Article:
What Does the Post-Roe Future Look Like?By Laura Smith
On June 24, the Supreme Court overturned Roe v. Wade, reversing 49 years of constitutional protection for abortion.
Tackling the Teen Sleep CrisisBy Laura Smith
Five questions with Lisa L. Lewis '89, Author of The Sleep-Deprived Teen
The Man Who Loved DDTBy Elena Conis
Berkeley biochemist Tom Jukes was an ardent conservationist and life member of the Sierra Club, but he just didn’t get 1960s environmentalism. The thing that bugged him most about the movement was its “emotional binge” against the pesticide DDT.
Mooooove Over, MeatBy Krissy Waite
Giving up hamburgers and ice cream in the next 15 years could save us from global climate catastrophe.
Beware Second Hand Bong SmokeBy Krissy Waite
Most people today recognize the health risks of inhaling tobacco smoke, even secondhand. Fewer are aware of the dangers of cannabis smoke.
Sight UnseenBy Leah Worthington and Illustration by David Junkin
The paradox of blindsight might unlock the mystery of consciousness.
The View from the TrenchesBy Glen Martin and Photos by Marcus Hanschen
Two years into the pandemic, SARS-CoV-2 continues to defy predictions. At the date of this writing, the Omicron variant—as contagious as ultra-transmissible viruses such as measles, if somewhat less severe than earlier COVID variants—continues to spread rapidly. While the surge appears to be ebbing in some areas of the United States, hospitalizations remain high and, nationally, about 2,500 deaths are reported daily.
Peregrines in LoveBy Hayden Royster
If Berkeley has a celebrity couple, it’s Annie and Grinnell, the peregrine falcons who alighted on the Campanile and have called it home since late 2016. Year after year, the lovebirds have nested and fledged their chicks, generating 24/7 entertainment for those tuning in to the Cal Falcons live cams (first installed in 2019). Viewers have had unprecedented access to the daily lives of a falcon family: first meals, first flights, the one kid who just won’t leave the nest. It was like Jon & Kate Plus 8, but with a lot more dead pigeons and doves.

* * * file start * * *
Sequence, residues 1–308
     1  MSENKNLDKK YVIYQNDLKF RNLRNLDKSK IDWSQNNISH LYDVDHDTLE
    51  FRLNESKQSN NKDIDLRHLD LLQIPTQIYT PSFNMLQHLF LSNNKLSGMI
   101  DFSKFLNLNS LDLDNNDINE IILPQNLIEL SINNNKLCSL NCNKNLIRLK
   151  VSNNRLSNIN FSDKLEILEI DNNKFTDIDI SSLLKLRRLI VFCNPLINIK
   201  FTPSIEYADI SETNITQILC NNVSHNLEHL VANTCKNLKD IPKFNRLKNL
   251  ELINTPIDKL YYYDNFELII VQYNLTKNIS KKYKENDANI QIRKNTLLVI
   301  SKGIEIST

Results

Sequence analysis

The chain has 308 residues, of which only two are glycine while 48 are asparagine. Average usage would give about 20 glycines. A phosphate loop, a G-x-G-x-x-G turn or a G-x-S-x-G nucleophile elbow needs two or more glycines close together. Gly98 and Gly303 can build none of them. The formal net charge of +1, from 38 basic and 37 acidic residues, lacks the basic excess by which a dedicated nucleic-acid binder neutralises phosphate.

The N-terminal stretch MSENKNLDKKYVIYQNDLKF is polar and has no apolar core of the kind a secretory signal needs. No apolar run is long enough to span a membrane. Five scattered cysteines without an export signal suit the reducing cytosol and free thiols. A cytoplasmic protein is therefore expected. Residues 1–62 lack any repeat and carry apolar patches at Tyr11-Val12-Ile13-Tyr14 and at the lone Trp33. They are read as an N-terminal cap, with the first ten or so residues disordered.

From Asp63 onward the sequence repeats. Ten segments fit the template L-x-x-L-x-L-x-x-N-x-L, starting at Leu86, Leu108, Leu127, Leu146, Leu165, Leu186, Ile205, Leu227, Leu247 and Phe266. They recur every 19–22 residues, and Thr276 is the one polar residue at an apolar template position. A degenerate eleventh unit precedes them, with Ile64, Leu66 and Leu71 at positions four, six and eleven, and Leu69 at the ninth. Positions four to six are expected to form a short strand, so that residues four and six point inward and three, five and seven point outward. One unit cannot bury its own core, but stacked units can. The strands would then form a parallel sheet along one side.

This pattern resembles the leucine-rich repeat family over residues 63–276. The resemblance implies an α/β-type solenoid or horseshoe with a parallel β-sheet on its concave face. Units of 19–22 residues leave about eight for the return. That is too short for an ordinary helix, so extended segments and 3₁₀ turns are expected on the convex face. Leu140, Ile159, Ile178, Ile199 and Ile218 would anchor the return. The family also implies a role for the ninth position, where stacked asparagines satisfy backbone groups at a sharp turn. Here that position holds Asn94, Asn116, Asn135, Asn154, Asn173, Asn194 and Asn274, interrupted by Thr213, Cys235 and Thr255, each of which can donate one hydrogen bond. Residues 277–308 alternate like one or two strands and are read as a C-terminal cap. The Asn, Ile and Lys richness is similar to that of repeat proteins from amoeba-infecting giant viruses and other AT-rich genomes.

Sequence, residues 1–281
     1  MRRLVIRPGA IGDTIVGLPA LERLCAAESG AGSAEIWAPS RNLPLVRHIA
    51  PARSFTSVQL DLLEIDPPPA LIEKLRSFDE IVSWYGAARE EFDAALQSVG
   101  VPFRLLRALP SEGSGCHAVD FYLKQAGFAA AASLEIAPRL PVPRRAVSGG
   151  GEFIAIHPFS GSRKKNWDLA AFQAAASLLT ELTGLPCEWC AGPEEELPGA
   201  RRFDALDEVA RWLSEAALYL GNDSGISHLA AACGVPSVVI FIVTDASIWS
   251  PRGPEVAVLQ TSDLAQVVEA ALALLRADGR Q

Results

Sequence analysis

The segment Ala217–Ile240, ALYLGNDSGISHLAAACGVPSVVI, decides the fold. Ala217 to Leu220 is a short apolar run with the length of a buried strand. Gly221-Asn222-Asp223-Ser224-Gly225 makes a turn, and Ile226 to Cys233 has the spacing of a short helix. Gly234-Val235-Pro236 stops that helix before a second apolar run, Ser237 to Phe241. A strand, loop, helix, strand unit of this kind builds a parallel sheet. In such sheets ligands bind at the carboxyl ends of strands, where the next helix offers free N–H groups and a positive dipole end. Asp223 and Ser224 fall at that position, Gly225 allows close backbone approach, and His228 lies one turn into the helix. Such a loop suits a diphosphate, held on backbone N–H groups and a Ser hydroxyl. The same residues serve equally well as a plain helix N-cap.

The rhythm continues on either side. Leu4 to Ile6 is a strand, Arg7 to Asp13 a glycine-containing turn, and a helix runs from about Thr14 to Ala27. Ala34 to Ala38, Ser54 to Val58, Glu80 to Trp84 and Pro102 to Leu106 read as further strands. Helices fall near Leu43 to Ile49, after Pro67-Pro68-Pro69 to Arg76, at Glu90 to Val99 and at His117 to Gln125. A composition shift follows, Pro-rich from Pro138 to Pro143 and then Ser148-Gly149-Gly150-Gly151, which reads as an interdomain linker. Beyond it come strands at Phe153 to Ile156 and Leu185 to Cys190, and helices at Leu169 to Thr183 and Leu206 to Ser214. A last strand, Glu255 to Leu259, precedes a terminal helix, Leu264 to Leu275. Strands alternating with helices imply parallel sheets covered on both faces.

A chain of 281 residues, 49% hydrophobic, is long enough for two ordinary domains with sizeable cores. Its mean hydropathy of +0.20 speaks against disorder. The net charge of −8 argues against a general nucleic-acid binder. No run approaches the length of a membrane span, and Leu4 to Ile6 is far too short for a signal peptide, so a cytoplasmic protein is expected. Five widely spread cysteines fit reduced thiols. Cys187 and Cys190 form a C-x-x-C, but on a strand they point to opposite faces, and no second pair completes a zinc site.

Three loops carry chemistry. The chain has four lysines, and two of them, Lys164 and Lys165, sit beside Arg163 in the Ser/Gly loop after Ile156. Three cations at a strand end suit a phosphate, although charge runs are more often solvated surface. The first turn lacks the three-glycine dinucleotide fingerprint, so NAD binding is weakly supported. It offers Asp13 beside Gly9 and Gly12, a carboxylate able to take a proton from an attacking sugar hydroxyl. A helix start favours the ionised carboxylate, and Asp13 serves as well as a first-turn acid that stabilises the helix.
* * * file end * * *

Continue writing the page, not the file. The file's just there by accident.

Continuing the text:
Unpacking PTSDBy Dhoha Bareche
A study led by researchers from Berkeley and UCSF may help explain why some people are more resilient to traumatic stress than others and lead to possible therapies. Published in December in the journal Translational Psychiatry, the study found a link between increased myelination in the brain’s gray matter and post-traumatic stress disorder (PTSD).
You Are Probably Burned Out at WorkBy Wyatte Grantham-Philips
A Q&A with Dr. Christina Maslach
Post-Pandemic, Teletherapy Is Here to Stay
DR. HANNAH ZEAVIN’S WORK explores the question of how we recover from trauma, and the roles that technology and media play in how we understand each other and ourselves. She is a lecturer in the English and History departments at UC Berkeley and an affiliate of Berkeley’s Center for Science, Technology, Medicine and Society, and […]
Slippery Slopes and Other Concerns About End of Life OptionsBy Leah Worthington
A Q&A on the ethics of aid-in-dying with Dr. Guy Micco.